Managing files in the OLPC XO datastore

The only official way to get files in and out of the datastore is to drag and drop a single file at a time, and this only works on USB thumbdrives, not on the filesystem.

There is ticket for a workaround using a Python script; if you use an XO, please offer encouragement to get this functionality integrated with the XO.

Here is the ticket.

OLPC XO Answers about hardware

The OLPC XO Wiki has a questions and answers page. Today I took look at the hardware page and found a few important bits:

  • JFFS2 compresses your data, performs wear leveling, and manages bad blocks so you don’t need to worry about the fact you are writing to flash.
  • USB “thumbdrives” should be formatted to FAT32.
  • Although the CPU supports sleep mode, and the hardware detects the the lid closing, the XO will not automatically enter sleep mode on lid closing until some time next year.
  • The XO can remain plugged in constantly; the battery will not get overcharged.

CUFP 07 Write-Up now available

A write-up on the Commercial Users of Functional Programming 07 conference is now available here.

It is definitely worth a read for folks who wonder about the “real world” problems that are solved using functional programming. There is a nice mix of both languages and problem domains, and the tone is pretty laid back.

Code Generation and DSLs in Scheme

Over the years, I have heard some pretty outrageous and tantalizing claims made about the programming language Lisp. For example, “It will change you, forever.” and “You write code that writes code.”. Sadly, no further explanation is ever provided. Perhaps it is impossible to capture the essence of that to which these statements allude? This air of mystery around Lisp is both a blessing and a curse. Some folks will find this aura repugnant; others magical. For me, it was the latter. I wanted in on the secret!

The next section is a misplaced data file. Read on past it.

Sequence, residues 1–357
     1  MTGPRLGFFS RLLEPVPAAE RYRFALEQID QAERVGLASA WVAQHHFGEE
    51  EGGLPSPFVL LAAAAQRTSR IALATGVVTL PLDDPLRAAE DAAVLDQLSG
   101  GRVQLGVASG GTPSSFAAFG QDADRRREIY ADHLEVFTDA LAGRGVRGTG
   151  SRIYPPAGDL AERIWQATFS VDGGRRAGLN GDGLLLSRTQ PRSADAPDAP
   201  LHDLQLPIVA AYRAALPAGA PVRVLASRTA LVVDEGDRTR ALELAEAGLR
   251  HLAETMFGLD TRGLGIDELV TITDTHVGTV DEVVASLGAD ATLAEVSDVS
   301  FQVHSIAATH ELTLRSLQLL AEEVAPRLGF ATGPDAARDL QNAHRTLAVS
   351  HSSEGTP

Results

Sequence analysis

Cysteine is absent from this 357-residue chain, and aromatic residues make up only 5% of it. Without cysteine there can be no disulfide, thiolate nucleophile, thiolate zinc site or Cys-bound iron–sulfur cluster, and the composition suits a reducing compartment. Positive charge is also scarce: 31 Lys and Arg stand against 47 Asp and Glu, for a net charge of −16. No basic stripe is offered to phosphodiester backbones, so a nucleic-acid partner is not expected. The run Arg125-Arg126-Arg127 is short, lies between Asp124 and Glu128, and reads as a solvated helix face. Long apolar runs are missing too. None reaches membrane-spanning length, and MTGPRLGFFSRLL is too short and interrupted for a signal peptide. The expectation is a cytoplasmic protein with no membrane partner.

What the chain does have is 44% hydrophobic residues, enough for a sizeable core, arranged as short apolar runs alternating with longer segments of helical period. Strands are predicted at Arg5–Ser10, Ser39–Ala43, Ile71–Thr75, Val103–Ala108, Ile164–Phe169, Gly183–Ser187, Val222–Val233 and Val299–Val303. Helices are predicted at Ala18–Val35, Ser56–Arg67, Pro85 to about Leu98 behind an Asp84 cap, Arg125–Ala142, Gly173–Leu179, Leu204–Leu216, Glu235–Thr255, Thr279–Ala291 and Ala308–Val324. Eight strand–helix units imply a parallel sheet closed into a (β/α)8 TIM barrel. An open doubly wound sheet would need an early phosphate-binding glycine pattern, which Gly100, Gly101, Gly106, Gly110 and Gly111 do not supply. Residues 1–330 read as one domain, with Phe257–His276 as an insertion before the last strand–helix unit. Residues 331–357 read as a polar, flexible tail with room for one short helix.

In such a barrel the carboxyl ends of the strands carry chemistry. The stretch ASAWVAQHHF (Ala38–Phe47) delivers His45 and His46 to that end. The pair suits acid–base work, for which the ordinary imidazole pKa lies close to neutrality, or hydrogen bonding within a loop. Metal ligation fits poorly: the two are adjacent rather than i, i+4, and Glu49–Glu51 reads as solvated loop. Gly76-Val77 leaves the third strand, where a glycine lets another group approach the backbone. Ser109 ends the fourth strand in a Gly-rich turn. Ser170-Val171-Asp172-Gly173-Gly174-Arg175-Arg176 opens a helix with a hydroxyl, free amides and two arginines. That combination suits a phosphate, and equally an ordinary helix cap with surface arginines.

Continue reading “Code Generation and DSLs in Scheme”

What is “real code”?

One common complaint about non-mainstream programming languages is that there hasn’t been any “real code” written in that particular language. One response to this is the Practical Common Lisp book.

Whether or not a MP3 database or a spam filter is “real code” is up for debate. Nonetheless, based on the success of the book, people clearly want to see “real code”.

In your mind, what is “real code”? What is it that you need to see in order to believe that a language can do “real work”?